NUM’s role in the dispute will now be interrogated by the Farlam Commission of Inquiry into the massacre and its leaders are now scampering to repair the union’s dented image. With strike action extending from the platinum sector to the gold mines, NUM, by far the most dominant union in the mining industry, is battling to contend with the unhappiness of its members.
NUM’s leaders are being put under further pressure by expelled ANC Youth League President Julius Malema who is whipping up emotion among mineworkers to reject their union representatives and take matters into their own hands. All of this has exposed NUM’s internal weaknesses and its lack of activism in dealing with the wave of dissatisfaction among mineworkers.
While NUM has traditionally been the “elder brother” at Cosatu congresses, setting the tone for discussions through its influence and sheer size, it is now fighting to regain credibility. The superiority complex NUM used to radiate, which grew from its line of high-pedigree leaders who went on to senior positions in the ANC, is now moderated as it prepares for intensive scrutiny at Cosatu’s 11th National Congress, being held in Midrand from 17 to 20 September.
In the Organisational Report to be presented to the congress, Cosatu acknowledges it is under severe stress, and lists NUM’s troubles as part of the reason. “We need a critical assessment because we are meeting at a time when we are facing serious organisational challenges on many fronts,” the report states.
“Our biggest affiliate the NUM is under attack in the platinum belt from its former members and other forces,” it reads, referring to the challenge to NUM’s dominance in the mining sector from the Association of Mineworkers and Construction Union (Amcu).
Speaking to Gauteng shop stewards this week, Vavi said Cosatu was going to its congress “not in the best of space”. The organisational report details why this is so, among other reasons revealing the results of a survey Cosatu conducted to evaluate the level of worker satisfaction with their unions. The survey found that 60% of Cosatu members were not satisfied with how their unions dealt with securing better wages – the core function of a trade union. According to the survey, 37% are less than satisfied with their union’s handling of disciplinary cases.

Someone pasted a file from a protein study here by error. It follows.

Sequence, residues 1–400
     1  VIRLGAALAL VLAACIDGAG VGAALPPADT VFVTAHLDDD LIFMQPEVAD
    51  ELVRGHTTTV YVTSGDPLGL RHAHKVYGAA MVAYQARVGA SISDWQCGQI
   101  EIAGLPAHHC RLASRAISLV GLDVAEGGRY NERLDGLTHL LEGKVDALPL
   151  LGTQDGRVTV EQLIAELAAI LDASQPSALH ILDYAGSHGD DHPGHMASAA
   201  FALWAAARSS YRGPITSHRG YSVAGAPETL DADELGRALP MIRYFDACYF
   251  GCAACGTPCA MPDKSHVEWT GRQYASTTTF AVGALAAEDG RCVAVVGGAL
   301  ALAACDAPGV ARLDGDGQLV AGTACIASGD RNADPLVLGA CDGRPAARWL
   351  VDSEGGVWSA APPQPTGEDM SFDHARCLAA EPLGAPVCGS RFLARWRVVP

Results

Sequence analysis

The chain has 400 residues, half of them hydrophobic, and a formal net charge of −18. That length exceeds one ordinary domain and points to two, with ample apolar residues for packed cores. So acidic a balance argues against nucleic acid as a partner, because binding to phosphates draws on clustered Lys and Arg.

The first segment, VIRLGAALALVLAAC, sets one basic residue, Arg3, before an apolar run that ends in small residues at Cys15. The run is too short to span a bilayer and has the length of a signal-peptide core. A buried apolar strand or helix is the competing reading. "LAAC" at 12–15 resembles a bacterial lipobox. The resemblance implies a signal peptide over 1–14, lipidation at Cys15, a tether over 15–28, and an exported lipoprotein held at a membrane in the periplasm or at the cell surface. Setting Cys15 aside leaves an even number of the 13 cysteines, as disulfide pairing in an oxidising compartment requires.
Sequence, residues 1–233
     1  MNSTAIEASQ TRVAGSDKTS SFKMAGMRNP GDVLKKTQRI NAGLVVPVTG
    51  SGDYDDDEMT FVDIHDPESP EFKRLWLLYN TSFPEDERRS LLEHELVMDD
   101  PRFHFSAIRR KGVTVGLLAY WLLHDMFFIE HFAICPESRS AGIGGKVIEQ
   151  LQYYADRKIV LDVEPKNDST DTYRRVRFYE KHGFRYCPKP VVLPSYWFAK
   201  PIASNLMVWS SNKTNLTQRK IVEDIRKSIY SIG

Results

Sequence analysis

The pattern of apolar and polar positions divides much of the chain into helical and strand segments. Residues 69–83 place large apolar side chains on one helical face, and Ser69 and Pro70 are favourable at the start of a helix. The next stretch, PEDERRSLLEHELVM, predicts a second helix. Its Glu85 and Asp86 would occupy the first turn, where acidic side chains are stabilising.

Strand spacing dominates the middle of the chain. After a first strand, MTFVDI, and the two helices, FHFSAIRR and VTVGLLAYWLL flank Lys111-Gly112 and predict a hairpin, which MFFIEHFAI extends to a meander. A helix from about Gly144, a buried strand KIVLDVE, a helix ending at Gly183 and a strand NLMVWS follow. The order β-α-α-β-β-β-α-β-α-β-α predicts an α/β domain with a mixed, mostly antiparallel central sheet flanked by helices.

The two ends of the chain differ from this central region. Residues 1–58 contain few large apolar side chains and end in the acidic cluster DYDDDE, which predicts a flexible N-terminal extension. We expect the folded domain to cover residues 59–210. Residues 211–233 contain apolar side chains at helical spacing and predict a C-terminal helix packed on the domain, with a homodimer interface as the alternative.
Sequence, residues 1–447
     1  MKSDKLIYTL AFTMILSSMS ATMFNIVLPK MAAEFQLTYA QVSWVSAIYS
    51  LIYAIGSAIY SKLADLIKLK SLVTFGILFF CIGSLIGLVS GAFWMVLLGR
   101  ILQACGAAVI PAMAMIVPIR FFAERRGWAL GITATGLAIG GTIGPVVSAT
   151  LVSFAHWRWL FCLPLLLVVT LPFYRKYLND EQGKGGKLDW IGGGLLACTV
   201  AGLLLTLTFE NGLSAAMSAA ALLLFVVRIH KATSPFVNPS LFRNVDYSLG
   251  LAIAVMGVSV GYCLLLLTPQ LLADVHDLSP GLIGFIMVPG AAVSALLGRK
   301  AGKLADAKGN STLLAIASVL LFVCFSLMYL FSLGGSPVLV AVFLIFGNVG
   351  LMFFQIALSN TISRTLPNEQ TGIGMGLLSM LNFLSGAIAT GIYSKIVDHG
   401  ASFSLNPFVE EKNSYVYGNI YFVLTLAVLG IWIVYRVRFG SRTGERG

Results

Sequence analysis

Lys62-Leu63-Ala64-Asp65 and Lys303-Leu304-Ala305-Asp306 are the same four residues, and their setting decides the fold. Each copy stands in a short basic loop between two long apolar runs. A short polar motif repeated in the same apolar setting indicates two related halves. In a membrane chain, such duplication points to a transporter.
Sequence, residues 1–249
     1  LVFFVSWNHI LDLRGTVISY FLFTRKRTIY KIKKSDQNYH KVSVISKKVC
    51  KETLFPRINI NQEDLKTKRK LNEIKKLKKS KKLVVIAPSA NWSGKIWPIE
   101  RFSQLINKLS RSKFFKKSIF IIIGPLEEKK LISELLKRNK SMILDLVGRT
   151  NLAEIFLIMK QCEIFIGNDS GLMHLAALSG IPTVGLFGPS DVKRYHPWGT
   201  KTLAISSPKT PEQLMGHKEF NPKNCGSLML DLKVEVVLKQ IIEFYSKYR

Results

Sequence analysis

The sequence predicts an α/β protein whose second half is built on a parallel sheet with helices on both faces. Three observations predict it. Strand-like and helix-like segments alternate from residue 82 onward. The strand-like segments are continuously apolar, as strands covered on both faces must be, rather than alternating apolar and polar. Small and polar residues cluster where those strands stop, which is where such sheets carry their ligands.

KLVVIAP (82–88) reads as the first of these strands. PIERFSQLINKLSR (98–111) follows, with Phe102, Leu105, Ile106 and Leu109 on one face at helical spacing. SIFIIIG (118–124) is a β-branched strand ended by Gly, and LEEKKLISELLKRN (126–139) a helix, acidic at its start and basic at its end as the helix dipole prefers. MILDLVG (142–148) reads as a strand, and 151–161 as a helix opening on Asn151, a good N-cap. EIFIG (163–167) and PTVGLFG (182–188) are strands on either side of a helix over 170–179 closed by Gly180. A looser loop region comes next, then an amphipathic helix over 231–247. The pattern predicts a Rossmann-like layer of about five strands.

“Dissatisfaction with service is (a) recipe for breakaways and splits,” the report states. These findings, together with the rebellion in the mining sector, are bound to push the Cosatu congress into adopting a more militant approach to labour disputes in order regain the confidence of its members.
The federation is also expected to confront its affiliates with a report of how many individual members come directly to Cosatu for intervention in disputes due to their frustration with how their unions handle matters. This has caused friction between union and Cosatu leaders, with affiliates accusing Vavi and others of usurping their role.
NUM leaders were affronted by Vavi’s attempt to resolve a dispute at the Implats mine outside Rustenburg earlier this year, part of the reason he stayed out of the Lonmin dispute even when intervention was required.
While Cosatu’s membership has grown by 230,000 (11.7%) to 2.2-million since its 2009 congress, the organisational report does raise concerns about the federation’s inability to recruit and organise vulnerable workers such as farm and domestic labourers. The workers survey also found that the average age of Cosatu’s members is around 40, meaning that younger people were not joining unions.
Measuring the impact of Cosatu’s campaigns, the survey found its voice was resounding beyond its membership base. Cosatu’s campaigns against e-tolling, labour brokers and rising electricity prices, followed by its anti-corruption drive, attracted high levels of support outside union membership. This is reflective of Cosatu’s significant voice in civil society and its ability to mobilise major support on issues critical of government. It is a sore point in inter-alliance relations.
The discussions at the upcoming Cosatu congress will define the posture of the largest formation of organised workers in the country. While its decisions on ANC leadership are bound to grab the most attention, it is Cosatu’s ability to read and respond to the mood of its members which will have the most impact on society.
And with a worker rebellion close to brewing, Cosatu will need to decide now whether it will lead it or be destroyed by it. DM